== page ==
A09 Distal radius malunion - two bone osteotomy and factors affecting decision making

27.09.2011 19:22

Autoři/Authors: Kebrle R.(1), Vodička Z(2)

Pracoviště/Workplace: (1) UPCHR Vysoké nad Jizerou, Czech Republic, (2) Ortopedické oddělení, Nemocnice České Budějovice

Délka prezentace/presentation time: 7 min.


Introduction: Distal radius malunion covers “easy” angular or rotational malunions as well as malunions appearing after high energy injury, infection of the fracture or malunions with previous multiple surgical procedures. In certain situations soft tissues are very tight or over all situation is so complicated that simple radial corrective osteotomy is not enough for a good functional result. That is why authors are trying to find factors that do influence decision making whether to do just radial or combined radial and concomitant ulnar osteotomy.

Methods: Authors are presenting group of 10 patients treated with two bone osteotomy at the same time. Pre and postoperative X rays, range of motion, grip strength where studied and all aditional clinical problems where described in this group.

Results: Group analysis revealed that 4 fractures where open, 5 where high energy injuries, 2 where infected, 8 patients had 2-4 previous surgical procedures and 4 had concomitant neurological, vascular or tendon problem preoperatively. Deformities varied from 2-20 mm of radial shortening, 70 degrees of volar to 55 of dorsal angulation and minus 20 to plus 18 degrees of ulnar inclination. Extension of the wrist averaged 31 degrees, flexion 34 degrees, supination 34 degrees and forarm pronation 34 degrees. The average grip strentgh was of 17 kilograms compared to 33 on contralateral side.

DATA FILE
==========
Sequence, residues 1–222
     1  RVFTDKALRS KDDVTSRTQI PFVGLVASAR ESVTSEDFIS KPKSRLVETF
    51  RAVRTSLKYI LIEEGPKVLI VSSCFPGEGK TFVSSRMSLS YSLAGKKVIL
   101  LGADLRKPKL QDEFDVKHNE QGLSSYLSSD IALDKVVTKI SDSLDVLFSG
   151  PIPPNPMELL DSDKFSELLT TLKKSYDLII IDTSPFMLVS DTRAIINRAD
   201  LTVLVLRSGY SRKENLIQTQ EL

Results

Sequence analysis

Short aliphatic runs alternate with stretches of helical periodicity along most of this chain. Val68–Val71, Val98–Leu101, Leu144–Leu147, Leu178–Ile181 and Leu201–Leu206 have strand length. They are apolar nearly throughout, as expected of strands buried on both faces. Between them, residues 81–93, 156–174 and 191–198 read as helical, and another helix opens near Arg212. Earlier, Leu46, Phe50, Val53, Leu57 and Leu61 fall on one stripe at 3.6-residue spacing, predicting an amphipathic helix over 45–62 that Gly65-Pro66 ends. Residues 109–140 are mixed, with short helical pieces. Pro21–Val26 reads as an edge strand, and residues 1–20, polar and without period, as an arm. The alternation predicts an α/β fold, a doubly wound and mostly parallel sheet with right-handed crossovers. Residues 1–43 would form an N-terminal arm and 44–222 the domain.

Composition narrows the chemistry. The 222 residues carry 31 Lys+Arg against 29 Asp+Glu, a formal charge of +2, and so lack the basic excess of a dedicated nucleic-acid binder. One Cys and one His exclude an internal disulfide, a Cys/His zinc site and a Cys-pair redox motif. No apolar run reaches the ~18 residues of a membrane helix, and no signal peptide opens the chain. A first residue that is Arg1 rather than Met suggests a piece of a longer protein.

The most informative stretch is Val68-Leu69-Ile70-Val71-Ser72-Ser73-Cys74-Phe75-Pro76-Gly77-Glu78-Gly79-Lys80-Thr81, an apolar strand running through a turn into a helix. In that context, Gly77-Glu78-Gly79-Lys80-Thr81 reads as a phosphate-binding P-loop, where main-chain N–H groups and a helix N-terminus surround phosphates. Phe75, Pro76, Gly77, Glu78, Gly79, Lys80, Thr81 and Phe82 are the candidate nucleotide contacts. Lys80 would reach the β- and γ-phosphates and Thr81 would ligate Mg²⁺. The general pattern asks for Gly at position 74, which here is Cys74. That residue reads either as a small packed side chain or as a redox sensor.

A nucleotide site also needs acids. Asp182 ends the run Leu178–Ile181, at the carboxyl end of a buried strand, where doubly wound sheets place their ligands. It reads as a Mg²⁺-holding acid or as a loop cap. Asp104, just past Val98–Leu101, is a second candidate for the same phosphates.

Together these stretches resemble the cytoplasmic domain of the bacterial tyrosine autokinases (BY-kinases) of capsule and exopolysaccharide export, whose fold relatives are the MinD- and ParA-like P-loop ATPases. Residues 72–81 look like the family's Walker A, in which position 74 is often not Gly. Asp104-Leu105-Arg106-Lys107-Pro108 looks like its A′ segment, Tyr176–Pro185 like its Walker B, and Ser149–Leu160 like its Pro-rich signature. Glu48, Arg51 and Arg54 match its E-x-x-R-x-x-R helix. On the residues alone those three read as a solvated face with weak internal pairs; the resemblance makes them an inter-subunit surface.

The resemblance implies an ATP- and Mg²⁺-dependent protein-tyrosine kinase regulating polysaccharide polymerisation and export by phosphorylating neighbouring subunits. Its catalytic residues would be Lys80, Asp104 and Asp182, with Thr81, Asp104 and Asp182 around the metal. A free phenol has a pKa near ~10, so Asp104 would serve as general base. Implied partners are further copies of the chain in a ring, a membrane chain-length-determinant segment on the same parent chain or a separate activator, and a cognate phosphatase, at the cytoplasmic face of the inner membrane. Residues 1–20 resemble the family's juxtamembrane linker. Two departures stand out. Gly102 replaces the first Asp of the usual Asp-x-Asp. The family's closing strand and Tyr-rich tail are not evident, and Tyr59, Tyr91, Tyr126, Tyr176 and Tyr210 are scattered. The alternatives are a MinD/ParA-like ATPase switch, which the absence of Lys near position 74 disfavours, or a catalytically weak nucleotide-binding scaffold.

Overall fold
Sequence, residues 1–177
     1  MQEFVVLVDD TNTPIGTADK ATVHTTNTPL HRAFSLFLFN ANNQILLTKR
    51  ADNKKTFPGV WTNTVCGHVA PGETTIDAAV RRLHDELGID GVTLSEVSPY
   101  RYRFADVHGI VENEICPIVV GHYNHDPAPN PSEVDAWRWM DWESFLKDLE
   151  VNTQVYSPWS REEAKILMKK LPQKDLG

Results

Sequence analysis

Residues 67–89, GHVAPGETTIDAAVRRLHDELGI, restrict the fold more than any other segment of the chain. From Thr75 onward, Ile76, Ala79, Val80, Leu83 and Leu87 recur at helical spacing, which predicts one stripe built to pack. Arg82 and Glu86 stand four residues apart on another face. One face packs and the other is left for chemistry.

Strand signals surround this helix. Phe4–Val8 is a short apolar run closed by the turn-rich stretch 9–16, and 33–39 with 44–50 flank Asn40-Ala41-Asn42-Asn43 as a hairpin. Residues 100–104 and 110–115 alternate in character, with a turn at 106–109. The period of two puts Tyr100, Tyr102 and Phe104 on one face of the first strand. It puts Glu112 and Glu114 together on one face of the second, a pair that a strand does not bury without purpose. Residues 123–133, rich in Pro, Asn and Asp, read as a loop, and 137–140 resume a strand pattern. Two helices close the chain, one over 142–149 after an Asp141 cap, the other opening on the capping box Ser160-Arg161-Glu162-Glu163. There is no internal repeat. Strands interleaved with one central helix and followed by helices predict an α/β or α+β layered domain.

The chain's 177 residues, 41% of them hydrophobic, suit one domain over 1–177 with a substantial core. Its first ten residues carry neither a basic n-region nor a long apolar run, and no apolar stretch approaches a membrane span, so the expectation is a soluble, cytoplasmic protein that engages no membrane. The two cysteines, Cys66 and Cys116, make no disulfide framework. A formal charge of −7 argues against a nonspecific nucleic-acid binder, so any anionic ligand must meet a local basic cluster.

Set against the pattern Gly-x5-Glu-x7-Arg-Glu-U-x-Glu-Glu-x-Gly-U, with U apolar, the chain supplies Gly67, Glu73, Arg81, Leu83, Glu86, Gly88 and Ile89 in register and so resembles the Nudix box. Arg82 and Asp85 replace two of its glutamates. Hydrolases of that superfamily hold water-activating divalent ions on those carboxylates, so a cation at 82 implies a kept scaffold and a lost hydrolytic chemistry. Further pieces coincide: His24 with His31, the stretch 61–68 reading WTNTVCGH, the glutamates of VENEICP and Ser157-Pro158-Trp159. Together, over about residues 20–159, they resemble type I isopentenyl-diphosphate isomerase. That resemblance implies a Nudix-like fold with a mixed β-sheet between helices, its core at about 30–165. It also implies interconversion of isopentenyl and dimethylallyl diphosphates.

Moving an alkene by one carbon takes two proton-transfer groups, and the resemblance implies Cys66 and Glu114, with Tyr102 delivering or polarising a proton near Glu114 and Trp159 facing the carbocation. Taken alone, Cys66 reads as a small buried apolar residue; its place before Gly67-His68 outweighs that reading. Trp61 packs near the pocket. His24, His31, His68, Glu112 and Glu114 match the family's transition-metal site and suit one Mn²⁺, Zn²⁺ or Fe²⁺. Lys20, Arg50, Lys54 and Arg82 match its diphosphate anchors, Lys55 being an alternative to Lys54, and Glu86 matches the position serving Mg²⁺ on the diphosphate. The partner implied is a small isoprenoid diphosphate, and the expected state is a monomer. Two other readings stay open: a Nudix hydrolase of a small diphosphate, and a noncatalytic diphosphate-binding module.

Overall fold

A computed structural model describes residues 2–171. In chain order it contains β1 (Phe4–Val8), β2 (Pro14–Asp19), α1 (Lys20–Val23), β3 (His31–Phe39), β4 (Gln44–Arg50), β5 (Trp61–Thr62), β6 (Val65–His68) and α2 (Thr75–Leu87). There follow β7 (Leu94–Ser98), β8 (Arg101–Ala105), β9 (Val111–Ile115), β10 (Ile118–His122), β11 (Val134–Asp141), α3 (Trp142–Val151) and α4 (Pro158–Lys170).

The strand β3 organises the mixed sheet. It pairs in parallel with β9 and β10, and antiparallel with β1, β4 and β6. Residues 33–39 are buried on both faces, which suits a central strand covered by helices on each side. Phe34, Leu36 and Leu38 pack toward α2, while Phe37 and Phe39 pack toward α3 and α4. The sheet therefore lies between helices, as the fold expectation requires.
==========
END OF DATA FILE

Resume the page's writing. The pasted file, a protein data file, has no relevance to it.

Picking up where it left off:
At an average of 10,8 months (range, 6 to 17 months) radial shortening improved from 9,9mm to 0,8mm, volar inclination improved to 14,3 degrees and ulnar inclination to 14,9 degrees. Range of motion changed from  34 to 59 degrees of  extension, 31 to 46 degrees of flexion, 34 to 62 degrees of supination and 34 to 65 degrees of pronation. Grip strength improved from 17,25 to 31,25 kg.

Discussion: Concomitant radius and ulnar osteotomy is a big surgery but valuable way of treatment of distal radius malunion in cases of severe soft tissue impairment as it happens in cases of high energy and open injuries, in previously infected cases and in cases after multiple surgeries. All these factors are aggravating soft tissue tension and increasing risk of postoperative stiffness. 9 patients have had different types of bony procedures, soft tissue complications or algodystrophy. All needed individual approach and type of osteotomy but all have had reasonable functional and cosmetic improvement.